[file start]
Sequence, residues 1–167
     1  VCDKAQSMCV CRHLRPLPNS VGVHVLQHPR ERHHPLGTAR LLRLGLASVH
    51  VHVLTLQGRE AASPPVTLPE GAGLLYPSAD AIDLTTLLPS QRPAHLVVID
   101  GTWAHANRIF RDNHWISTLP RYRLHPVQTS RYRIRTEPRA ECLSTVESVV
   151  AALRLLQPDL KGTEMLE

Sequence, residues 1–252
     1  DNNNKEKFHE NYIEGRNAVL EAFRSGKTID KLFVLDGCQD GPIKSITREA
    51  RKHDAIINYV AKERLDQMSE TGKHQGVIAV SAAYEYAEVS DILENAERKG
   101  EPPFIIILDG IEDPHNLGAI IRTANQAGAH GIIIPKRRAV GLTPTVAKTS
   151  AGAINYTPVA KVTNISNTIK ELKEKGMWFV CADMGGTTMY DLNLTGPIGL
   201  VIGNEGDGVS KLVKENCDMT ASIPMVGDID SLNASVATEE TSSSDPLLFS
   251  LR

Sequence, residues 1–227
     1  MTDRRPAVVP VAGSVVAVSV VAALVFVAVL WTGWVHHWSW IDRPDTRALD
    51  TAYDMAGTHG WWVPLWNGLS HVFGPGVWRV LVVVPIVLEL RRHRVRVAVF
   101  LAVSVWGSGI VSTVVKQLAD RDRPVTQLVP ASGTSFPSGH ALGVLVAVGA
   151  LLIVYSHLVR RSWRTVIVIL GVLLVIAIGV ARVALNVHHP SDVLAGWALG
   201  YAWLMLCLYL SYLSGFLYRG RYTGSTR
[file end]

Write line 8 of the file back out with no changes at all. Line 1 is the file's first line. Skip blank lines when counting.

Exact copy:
    51  RKHDAIINYV AKERLDQMSE TGKHQGVIAV SAAYEYAEVS DILENAERKG